Why there’s lots to love about “sweet dairy air” Skip to content

Tillamook Coast Life Blog

Why there’s lots to love about “sweet dairy air”


One unavoidable aspect to visiting the farming parts of Oregon’s Tillamook Coast is, of course, the local dairy air. It’s true in fact, this bovine perfume occasionally wafts about the central area of Tillamook County, and to some it’s a reason to turn-tail. But to a surprising majority, and to those who truly understand the farm-to-table concept, the sweet scent is evidence of a robust and viable industry that helps create one of Oregon’s finest products: Tillamook Cheese!

“It’s a reminder, sometimes a pungent one, that good, local products have an industry behind them,” said one local visitor.

Diary Air is more than just cheese though. It’s also about farmers, family wage jobs, 24/7 operations, advanced farming techniques, and oh…a sustainable, eco-friendly industry. Yes, cows produce methane, which is a greenhouse gas. But on the Tillamook Coast, that’s the good news.

That’s because of something remarkable called an anaerobic digester.  It’s a rather sizeable state-of-the-art facility within the pillared confines of the former blimp hanger, very close to what is now the Tillamook Naval Air Museum. This $8 million dollar facility is manned, on average, by three employees and produces enough electricity to power 800 homes.

What does a power station have to do with the dairy industry you ask?  It turns out, quite a bit!  An anaerobic digester operates as an additional few stomachs to a cow’s current four. It further separates liquids, solids and gasses… methane gasses to be precise!  The methane is then burned in a massive 12-cylinder engine and used to power a generator, which creates electricity, which is then sold to Portland General Electric.

Dairy farmers love cow poo, too

Another rather useful byproduct of dairy farms is a fibrous substance that, at one time in its recent past was poo. Cow poo to be exact. This material has been cooked through the digestion process and rendered completely pathogen free. It’s then used as a compostable material favored by soil amenders, backyard gardeners and farmers alike.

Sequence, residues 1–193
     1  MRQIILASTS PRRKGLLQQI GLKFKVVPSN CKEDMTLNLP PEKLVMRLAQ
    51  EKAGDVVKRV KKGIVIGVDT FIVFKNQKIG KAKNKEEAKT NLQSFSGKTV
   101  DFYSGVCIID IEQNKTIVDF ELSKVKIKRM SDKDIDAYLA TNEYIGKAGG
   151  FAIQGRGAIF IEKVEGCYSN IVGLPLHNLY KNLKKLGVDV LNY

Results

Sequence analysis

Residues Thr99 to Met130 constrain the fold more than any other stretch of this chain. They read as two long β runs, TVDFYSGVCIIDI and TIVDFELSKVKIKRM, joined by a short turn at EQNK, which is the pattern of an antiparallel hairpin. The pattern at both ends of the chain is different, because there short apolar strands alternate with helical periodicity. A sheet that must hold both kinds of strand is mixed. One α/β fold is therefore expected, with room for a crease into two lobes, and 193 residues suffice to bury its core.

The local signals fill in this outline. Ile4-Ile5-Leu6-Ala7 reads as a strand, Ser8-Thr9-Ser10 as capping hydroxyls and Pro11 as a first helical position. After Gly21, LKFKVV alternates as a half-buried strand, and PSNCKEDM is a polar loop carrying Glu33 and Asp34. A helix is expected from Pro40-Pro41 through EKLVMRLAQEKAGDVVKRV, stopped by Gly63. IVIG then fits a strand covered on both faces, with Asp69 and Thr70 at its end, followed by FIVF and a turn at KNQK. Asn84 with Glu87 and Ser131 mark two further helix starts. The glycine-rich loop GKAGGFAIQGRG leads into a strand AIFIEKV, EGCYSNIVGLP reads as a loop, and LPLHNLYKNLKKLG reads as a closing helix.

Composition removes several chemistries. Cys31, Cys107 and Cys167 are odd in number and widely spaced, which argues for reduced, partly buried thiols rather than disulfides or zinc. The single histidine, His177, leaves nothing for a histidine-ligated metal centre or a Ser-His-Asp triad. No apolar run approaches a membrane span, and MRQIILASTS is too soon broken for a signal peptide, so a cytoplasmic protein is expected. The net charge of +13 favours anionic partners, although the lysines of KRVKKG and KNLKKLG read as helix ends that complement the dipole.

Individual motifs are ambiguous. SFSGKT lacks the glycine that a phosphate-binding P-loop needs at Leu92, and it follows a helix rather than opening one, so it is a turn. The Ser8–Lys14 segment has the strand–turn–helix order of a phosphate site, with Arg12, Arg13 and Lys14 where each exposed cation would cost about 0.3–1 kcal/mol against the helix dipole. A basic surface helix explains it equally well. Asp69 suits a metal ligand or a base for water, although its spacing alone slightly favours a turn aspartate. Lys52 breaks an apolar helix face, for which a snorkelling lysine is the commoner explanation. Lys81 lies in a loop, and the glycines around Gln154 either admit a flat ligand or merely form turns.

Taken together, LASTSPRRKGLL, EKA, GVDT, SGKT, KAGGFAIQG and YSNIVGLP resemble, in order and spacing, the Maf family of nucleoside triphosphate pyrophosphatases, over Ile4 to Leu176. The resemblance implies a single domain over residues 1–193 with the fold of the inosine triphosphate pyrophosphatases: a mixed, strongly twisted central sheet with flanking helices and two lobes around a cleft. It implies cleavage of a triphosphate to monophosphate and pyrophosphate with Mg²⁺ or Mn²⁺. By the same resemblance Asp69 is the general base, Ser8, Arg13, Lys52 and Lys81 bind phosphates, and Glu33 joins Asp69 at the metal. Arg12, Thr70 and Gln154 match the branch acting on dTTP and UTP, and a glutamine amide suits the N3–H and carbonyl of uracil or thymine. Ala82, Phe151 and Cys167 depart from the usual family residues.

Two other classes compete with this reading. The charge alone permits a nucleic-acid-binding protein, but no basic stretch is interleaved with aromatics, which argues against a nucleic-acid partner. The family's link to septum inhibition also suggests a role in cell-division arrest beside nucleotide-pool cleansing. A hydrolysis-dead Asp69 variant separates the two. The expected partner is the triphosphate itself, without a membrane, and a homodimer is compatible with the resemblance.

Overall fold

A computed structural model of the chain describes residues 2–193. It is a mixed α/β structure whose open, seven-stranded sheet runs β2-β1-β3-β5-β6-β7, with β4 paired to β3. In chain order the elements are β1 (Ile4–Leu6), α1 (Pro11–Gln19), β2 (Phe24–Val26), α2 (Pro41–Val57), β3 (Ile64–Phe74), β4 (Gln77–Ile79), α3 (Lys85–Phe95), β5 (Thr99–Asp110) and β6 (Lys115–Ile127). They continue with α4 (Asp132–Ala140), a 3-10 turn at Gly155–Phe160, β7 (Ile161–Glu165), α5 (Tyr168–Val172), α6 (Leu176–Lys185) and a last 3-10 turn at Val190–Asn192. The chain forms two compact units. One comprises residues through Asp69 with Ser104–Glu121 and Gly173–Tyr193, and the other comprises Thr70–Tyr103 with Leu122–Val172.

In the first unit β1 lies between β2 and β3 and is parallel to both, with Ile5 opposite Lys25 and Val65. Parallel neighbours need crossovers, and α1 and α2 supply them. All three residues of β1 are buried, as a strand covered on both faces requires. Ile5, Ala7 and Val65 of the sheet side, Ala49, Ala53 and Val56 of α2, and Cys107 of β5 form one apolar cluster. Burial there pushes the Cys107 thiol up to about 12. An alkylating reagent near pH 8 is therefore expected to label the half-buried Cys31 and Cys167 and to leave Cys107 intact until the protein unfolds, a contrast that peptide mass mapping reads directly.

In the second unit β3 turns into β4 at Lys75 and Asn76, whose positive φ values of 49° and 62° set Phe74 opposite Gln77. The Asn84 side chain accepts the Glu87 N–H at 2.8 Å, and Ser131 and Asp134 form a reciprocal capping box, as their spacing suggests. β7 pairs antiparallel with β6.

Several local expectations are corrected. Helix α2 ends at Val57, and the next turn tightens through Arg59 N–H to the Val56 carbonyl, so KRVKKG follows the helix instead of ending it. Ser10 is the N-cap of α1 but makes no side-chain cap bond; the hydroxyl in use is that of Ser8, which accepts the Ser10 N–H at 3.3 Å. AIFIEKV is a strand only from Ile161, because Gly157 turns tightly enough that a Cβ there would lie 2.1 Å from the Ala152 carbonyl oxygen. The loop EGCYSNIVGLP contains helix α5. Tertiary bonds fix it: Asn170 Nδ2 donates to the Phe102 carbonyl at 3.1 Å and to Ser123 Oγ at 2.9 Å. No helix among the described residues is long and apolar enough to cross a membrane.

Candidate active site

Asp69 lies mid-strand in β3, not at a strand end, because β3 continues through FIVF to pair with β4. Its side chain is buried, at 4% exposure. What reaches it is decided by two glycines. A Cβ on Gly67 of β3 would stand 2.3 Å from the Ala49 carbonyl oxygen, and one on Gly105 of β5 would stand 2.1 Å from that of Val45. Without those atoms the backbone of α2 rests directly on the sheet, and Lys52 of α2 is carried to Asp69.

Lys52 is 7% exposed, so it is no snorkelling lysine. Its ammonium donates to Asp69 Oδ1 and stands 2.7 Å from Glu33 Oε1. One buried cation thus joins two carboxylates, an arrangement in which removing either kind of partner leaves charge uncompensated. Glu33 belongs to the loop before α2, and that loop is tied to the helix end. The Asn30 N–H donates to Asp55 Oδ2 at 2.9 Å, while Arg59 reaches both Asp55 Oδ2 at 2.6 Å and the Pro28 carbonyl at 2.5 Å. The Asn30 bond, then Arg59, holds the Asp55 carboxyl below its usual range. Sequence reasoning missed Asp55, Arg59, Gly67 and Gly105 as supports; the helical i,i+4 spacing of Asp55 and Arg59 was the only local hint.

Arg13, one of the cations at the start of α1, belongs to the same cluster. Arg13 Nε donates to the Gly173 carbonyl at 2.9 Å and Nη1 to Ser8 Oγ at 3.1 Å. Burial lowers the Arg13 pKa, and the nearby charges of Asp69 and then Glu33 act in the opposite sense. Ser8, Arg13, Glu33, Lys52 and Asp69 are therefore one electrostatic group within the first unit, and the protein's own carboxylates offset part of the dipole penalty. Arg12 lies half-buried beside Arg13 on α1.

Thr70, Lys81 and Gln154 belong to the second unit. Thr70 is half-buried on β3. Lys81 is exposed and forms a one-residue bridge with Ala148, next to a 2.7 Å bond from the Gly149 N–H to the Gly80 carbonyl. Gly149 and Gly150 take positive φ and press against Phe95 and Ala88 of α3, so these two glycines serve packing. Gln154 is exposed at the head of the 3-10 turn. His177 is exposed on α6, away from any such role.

Specifically, the dairy farmers use this to replace increasingly expensive hay for soft, natural cow bedding. It not only saves money, it is one more way dairy farms are adapting to greener, more sustainable and lucrative practices. We call it the “Behooving Moovement” around here.

For those wanting a behind-the-scenes view into this vibrant industry, book the “Dairyland Tour” from Tillamook Eco Adventures, a local tour operator. You’ll visit a local dairy farm, the anaerobic digester and take a sightseeing drive through Tillamook’s pasture lands. Oh, and make sure after the tour to enjoy the products at the Tillamook Cheese Factory!

A Picture of Brian Cameron
Brian Cameron
Having grown up in Tillamook and choosing to continue to call the area home, Brian Cameron has spent a good deal of his time and energy into getting to know the hidden corners of the Tillamook Coast. After visiting over 25 countries and spending time honing his creative arts in Seattle and Portland, he decided he wanted to show visitors what Tillamook County has to offer for the outdoor enthusiast and tourists. And so he started his own local tour company, Tillamook Eco Adventures. When he's not showing visitors around, he's a proud father of twins and keeps busy with all kinds of creative endeavors such as writing, painting and photography.